Review: IQ Twist

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IQ Twist, developed by Raf Peeters and designed by SmartGames, is easily one of the most difficult one-player puzzle games I’ve ever played. It’s rather difficult to put down, regardless. The game itself is simple: There is a booklet with 100 puzzles. Each puzzle only shows you which of the seven colored pegs are used, and where they are placed (the game ships with two green pegs, two yellow pegs, two blue, and one red). You must find a way to place all eight twisted pieces onto the board so that they not only fit, but so that each peg goes through a hole of a matching color.  Sound challenging?

In addition to visual-spatial recognition, a heavy dose of logic is an absolute must for playing IQ Twist. While a lot of puzzles have peg locations that essentially give you part of the answer as there is only one way to physically cover a peg, this isn’t always the case. Employing trial and error and planning ahead are both necessary strategies in order for you to solve the puzzles.

In terms of physical design, the game is contained very well. It plays out of its own little case that flips open, and there are holes for the colored pegs when they’re in storage or not used for the puzzle you’re currently playing. The booklet fits neatly into the top of the case, making the whole thing small and easy to take anywhere. The pieces and pegs fit well onto the board, so there’s no irritating design to be distracted by.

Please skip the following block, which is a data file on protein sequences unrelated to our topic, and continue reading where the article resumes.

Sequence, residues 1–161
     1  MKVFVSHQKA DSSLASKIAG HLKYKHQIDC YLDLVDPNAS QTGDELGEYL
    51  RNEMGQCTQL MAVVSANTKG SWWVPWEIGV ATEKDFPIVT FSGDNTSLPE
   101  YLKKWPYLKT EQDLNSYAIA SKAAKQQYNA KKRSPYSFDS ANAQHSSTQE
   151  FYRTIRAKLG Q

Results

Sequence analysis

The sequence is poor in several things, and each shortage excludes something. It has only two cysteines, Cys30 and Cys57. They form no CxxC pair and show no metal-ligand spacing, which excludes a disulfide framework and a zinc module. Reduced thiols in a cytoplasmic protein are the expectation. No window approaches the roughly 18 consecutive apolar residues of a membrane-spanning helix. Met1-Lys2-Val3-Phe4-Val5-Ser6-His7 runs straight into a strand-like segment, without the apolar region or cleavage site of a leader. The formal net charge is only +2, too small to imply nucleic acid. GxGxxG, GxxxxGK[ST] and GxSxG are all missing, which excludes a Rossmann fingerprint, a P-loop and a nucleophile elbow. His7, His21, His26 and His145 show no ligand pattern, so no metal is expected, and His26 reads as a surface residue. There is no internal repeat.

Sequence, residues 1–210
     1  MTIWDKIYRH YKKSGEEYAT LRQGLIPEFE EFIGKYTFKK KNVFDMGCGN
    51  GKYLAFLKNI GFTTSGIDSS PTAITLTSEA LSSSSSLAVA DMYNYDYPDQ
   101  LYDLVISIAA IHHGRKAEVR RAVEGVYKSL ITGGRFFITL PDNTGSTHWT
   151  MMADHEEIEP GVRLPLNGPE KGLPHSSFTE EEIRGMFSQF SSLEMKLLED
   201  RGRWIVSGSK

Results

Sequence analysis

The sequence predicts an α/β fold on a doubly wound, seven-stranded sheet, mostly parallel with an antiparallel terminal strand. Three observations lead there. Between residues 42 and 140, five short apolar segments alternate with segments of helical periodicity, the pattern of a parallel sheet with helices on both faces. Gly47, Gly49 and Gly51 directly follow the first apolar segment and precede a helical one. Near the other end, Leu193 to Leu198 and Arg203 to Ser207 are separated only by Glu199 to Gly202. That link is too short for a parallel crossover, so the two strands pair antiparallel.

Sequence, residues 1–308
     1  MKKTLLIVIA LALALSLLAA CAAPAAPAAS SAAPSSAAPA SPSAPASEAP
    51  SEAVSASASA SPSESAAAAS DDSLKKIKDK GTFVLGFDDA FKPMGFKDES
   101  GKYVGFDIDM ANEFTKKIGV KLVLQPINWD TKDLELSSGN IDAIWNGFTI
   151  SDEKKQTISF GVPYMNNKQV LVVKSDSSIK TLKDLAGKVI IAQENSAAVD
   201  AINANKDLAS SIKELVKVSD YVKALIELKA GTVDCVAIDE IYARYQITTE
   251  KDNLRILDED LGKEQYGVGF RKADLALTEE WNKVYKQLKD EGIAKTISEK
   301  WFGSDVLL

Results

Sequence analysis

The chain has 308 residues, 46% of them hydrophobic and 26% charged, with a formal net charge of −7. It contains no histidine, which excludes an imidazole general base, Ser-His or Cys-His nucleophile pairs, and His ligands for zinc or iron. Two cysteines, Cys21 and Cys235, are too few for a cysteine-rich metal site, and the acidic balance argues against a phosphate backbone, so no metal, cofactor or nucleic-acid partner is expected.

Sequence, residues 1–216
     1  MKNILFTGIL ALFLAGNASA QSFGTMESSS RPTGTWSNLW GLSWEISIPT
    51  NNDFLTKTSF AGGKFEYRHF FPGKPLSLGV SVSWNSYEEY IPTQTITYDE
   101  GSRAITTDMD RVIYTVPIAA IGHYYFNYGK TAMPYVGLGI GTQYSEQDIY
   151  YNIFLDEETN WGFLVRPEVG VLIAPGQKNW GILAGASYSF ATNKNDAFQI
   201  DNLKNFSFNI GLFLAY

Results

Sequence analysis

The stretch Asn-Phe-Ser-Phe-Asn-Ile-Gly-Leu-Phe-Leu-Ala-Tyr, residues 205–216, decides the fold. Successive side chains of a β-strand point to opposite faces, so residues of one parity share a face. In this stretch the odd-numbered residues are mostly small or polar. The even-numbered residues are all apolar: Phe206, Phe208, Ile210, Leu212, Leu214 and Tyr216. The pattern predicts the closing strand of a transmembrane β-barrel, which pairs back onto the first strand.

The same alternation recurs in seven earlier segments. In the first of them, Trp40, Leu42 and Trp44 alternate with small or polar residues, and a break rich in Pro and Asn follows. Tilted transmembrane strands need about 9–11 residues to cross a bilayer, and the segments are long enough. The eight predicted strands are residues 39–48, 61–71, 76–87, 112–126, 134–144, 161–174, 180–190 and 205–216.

When you delve into the question of whether IQ Twist is actually fun, well… no. This isn’t designed for fun, it’s designed to be mentally challenging. The only fun to be gained from playing IQ Twist is the satisfaction of beating a difficult puzzle. Colors are all well and good for appealing to children, but frankly, I don’t know any children that would be able to consistently solve these puzzles. No matter how old you are, it’s going to be tough.

Speaking of tough, my one real beef with IQ Twist is its “difficulty levels.” The 100 puzzles are split up into five levels ranging from “Starter” to “Wizard,” but I don’t see how Wizard puzzles are drastically harder than Starter puzzles. Some of the starter puzzles kept me occupied for twenty seconds, others, ten minutes. It just doesn’t make sense.

If you’re looking for a good time, you won’t find it in IQ Twist. If you’re looking to stretch yourself with a bit of casual puzzling, this is one of the greatest ways I’ve ever seen to do so. The odds of you running out of those hundred puzzles too quickly are pretty slim, but even once you’ve done all IQ Twist has to offer, you can torture one of your friends with it.

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